For nearly a year and a half, discount brokers have waged war against each other, offering successively larger and more impressive ways for investors to use exchange-traded funds at no commission to put together the perfect portfolio. Yet one relatively unknown broker entered the fray yesterday with an appealing reminder that the primary reason people use ETFs is for simplicity -- and that the best way to keep things simple is to offer customers exactly what they want, no more, no less.

Keep it simple
Firstrade may not be the best-known broker in the business, but it came up with an extremely elegant solution in coming up with a free-ETF package for its customers. Rather than seeking to one-up its competitors, Firstrade made a modest package of 10 ETFs available to customers at no commission, mostly consisting of low-cost ETFs from Vanguard and iShares.

You might think that 10 ETFs wouldn't be enough to put together a reasonable portfolio. But the Firstrade offerings cover nearly the entire gamut of investing, ranging from Vanguard Dividend Appreciation (NYSE: VIG) and iShares S&P 500 for U.S. stocks, to Vanguard MSCI Emerging Markets (NYSE: VWO) on the emerging-market stock side and the commodity ETF PowerShares DB Commodity Index (NYSE: DBC). Combined with three bond funds, Firstrade makes it possible to establish a pretty customized asset allocation strategy with this small set of essential tools.

The only way to go
Given its alternatives, Firstrade made what I see as an excellent decision not to try to participate in the one-upmanship that its more illustrious competitors have done since late 2009. Although Schwab (NYSE: SCHW) kept things relatively simple with its own proprietary line of ETFs, most small discount brokers wouldn't be in a position to launch their own ETFs successfully. On the other hand, as Fidelity, Vanguard, and TD Ameritrade (Nasdaq: AMTD) successively opened up increasing numbers of ETFs to customers -- TD Ameritrade came in at more than 100 ETFs -- it's clear that no one's likely to be able to eclipse that mark. More recently, Scottrade chose to go the proprietary ETF route with funds tracking different indexes from the ones most other ETFs use.

At the same time, Firstrade also did well to avoid compartmentalizing itself. Interactive Brokers (Nasdaq: IBKR) played to its frequent-trading base by making levered ETFs available to clients at no cost, but that only cemented the reputation it already had in attracting traders. Firstrade, on the other hand, has established itself as a mainstream broker for everyday investors. And by focusing on keeping things simple, Firstrade should attract a decent amount of attention from potential customers who may never have heard of the company before.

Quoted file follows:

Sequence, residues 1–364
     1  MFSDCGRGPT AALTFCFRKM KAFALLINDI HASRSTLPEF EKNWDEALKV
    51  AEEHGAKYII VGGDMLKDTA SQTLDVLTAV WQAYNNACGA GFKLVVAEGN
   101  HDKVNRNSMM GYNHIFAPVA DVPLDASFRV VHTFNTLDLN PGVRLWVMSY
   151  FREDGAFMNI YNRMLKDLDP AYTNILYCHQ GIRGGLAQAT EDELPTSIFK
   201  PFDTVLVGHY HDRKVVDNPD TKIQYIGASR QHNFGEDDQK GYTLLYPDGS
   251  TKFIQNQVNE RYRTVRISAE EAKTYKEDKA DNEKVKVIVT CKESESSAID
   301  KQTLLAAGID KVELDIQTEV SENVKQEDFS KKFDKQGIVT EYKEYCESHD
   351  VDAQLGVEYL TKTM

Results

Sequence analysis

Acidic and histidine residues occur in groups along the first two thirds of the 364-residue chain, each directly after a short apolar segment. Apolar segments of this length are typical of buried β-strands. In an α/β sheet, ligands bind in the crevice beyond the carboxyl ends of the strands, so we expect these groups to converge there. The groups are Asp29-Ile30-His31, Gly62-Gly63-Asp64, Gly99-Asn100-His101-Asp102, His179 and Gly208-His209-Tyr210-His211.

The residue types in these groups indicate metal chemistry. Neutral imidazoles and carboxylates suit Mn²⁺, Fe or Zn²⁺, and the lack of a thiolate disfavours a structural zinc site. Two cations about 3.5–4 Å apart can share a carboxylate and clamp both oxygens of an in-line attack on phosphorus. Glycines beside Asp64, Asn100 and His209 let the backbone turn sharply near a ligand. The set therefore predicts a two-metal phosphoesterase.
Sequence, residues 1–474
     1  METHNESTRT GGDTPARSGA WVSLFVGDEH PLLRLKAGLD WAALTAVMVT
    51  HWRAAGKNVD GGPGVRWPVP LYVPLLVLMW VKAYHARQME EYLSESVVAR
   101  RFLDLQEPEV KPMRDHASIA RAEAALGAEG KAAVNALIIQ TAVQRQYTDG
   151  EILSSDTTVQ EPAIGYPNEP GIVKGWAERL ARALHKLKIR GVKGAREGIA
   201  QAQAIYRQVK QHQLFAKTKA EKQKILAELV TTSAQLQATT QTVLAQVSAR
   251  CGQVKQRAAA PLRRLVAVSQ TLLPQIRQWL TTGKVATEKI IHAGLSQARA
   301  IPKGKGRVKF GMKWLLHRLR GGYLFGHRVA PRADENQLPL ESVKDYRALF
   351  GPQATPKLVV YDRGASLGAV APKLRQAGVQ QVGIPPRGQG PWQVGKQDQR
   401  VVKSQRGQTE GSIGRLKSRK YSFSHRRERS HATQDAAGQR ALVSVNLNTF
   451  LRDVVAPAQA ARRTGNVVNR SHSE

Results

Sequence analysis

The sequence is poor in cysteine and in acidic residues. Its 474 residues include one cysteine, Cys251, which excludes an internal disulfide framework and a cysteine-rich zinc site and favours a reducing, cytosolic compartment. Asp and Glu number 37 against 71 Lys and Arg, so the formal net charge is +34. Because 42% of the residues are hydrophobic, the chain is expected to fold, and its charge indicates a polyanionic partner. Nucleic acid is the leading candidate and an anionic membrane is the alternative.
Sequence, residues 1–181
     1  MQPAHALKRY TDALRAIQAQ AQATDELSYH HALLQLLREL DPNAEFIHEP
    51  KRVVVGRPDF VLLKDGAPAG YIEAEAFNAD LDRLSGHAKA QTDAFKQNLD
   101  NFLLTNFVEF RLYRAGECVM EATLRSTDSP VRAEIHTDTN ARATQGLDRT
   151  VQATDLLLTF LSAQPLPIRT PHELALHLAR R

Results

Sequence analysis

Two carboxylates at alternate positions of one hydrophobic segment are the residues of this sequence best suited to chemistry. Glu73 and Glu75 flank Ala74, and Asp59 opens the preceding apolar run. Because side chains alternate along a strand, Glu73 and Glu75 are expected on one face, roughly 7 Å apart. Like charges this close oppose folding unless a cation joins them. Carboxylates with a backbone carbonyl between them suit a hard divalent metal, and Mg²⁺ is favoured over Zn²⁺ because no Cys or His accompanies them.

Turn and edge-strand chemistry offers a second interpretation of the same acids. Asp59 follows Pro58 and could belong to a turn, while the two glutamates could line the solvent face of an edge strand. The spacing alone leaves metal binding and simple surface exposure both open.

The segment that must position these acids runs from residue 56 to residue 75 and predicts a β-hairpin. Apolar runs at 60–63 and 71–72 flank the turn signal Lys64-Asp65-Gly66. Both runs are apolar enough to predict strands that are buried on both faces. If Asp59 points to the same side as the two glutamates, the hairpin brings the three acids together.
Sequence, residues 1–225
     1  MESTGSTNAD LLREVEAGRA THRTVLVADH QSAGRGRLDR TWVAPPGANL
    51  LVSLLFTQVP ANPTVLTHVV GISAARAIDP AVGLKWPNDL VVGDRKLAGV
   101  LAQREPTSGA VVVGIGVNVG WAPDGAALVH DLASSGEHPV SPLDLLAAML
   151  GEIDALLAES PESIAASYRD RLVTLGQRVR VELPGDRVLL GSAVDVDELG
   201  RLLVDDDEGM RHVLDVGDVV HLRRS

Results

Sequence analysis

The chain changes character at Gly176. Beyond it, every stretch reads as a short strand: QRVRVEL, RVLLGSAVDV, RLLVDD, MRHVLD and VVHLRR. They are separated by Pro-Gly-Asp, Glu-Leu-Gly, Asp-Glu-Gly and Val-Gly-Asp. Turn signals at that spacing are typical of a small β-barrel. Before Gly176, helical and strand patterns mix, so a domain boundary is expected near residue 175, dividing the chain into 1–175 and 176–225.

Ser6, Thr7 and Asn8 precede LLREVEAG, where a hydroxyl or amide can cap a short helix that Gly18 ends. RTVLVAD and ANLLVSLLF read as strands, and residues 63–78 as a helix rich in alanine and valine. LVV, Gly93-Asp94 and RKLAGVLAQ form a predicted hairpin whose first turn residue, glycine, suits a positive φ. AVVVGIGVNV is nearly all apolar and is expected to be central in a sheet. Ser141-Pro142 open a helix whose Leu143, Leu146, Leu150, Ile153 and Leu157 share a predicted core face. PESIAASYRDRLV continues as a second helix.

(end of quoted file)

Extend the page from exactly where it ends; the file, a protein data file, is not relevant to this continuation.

Still waiting
In addition to boosting its own name recognition, Firstrade may have given clues to how one of the last remaining major holdouts in the ETF price wars, E*TRADE Financial (Nasdaq: ETFC), may choose to join the fray in the future. Rather than meeting its main competitors in a head-to-head deathmatch competition, E*TRADE may well decide that simplicity also appeals to its customers as well and choose a path that closely resembles what Firstrade has done here. That would leave ETF provider State Street still mostly observing from the sidelines as iShares and Vanguard find traction across several brokerage platforms.

For investors, Firstrade's move only underscores just how cutthroat the competition is to get you to trust your money to the discount broker of your choice. With increasing incentives designed to lure you, you're in the driver's seat in picking the best broker for your particular needs. Although free ETFs are only one piece of the puzzle to consider when choosing a discount broker, they can certainly help you put together a simple yet comprehensive portfolio -- so take advantage of these offers while the time is ripe.

If you haven't found the right broker yet, a good place to start your search is the Fool's Broker Center. It includes plenty of information on several promising brokers that will get you started in the right direction. Don't wait; click here now and take the first step toward improving your investing.

This article represents the opinion of the writer, who may disagree with the “official” recommendation position of a Motley Fool premium advisory service. We’re motley! Questioning an investing thesis -- even one of our own -- helps us all think critically about investing and make decisions that help us become smarter, happier, and richer.